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Reis, B. (2013). The Silent Past and the Invisible Present. By Paul Renn. New York: Routledge, 2012. 213 pp.. Psychoanal Q., 82(2):524-528.

(2013). Psychoanalytic Quarterly, 82(2):524-528

The Silent Past and the Invisible Present. By Paul Renn. New York: Routledge, 2012. 213 pp.

Review by:
Bruce Reis

According to a story told in Genesis, all of us once spoke a single language. Construction began on a tower that would reach all the way up to heaven to unite us as a people with God, for we felt pretty good about ourselves and sought increasing recognition. But, to slow us down and humble us, God confounded our speech, leaving us unable to communicate with each other. Instead of a common language, we were left with a confusion of tongues, one that made building such a tower impossible.

In The Silent Past and the Invisible Present, Paul Renn sets to work on his own tower. It is decidedly a relational tower, one that seeks to integrate the disparate languages of psychoanalysis with those of neuroscience, cognitive psychology, attachment theory, trauma studies, and developmental psychology. In the foreword, Judith Guss Teicholz describes Renn's project of “dissolving theoretical divisions” (p. xxv) and suggests that such divisions may indeed increasingly disappear through efforts such as this one, leading to a unification of the relational discourse.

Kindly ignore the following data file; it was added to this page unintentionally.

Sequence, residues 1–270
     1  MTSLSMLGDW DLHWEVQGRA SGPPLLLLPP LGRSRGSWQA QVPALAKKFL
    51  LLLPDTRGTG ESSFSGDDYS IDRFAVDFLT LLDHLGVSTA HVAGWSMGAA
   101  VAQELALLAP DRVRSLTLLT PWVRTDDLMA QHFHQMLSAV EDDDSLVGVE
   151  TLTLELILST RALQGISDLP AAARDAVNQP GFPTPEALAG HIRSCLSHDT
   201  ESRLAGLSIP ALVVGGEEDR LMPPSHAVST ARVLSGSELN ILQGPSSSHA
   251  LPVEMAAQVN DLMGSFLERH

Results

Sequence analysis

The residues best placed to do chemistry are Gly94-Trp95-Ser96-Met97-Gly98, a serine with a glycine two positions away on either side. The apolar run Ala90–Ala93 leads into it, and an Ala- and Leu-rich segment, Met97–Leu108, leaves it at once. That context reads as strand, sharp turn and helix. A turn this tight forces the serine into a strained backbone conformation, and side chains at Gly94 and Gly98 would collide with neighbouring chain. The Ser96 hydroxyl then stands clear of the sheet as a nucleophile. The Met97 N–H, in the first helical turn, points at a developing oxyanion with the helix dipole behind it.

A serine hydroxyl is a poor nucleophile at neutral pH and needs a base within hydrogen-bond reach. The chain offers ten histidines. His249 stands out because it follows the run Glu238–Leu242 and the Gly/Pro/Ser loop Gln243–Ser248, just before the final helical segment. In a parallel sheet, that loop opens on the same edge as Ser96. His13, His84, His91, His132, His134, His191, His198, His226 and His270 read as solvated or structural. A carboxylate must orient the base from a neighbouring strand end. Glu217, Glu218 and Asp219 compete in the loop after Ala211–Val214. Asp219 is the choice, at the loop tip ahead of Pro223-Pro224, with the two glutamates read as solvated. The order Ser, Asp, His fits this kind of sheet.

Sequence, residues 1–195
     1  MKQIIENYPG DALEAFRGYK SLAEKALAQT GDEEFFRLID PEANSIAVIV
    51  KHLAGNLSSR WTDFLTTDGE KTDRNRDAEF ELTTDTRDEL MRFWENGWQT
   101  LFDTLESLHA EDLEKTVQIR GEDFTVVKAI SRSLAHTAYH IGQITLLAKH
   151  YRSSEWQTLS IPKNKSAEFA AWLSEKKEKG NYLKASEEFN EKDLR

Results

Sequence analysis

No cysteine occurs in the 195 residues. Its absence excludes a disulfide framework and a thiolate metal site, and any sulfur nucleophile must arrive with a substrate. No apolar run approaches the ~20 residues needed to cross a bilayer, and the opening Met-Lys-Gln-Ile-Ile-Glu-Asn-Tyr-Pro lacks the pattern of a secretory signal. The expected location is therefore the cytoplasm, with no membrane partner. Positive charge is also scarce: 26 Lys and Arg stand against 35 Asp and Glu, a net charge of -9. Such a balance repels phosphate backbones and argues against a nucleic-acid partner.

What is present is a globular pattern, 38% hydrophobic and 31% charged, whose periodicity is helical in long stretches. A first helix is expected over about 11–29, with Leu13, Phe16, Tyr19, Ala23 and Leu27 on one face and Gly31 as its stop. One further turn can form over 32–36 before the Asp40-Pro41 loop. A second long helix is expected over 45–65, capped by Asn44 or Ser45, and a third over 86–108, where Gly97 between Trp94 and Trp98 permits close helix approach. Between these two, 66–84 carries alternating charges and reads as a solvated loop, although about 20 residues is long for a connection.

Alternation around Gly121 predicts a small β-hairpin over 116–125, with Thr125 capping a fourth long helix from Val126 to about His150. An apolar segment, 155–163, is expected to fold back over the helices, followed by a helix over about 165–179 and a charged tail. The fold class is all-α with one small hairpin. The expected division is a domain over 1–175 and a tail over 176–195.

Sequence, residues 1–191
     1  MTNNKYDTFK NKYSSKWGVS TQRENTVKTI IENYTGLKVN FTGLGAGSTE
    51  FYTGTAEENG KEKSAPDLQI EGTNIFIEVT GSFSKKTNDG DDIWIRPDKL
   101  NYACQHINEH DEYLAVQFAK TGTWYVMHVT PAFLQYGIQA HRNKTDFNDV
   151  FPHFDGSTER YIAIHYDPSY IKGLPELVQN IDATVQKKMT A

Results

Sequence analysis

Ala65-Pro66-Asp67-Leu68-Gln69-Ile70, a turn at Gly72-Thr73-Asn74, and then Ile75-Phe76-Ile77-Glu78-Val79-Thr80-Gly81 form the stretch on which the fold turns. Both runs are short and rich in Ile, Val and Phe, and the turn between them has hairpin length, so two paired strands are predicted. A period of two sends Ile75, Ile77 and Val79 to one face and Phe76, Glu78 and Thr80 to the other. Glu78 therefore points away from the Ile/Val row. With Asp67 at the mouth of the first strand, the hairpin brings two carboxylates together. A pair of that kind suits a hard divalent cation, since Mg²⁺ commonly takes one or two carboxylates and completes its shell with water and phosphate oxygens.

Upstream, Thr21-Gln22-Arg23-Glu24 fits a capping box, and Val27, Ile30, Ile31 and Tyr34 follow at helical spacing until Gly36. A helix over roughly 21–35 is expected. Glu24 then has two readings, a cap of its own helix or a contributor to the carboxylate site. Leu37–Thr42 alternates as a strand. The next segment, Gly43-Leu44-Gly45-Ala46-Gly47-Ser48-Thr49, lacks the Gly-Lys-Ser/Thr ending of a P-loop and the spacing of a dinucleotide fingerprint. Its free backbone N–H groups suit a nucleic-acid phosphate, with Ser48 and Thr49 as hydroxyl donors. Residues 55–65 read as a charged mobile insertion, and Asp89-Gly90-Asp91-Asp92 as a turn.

Of course, that has not happened, nor is it likely to. Renn's book does not provide a unified field theory or create a single language. However, what it does do is present another rich perspective, one that joins the author's far-reaching curiosity and gentle lucidity with his goal of understanding all that is involved in the process of change in psychotherapy. Here is an author whose interest is both wide and deep.

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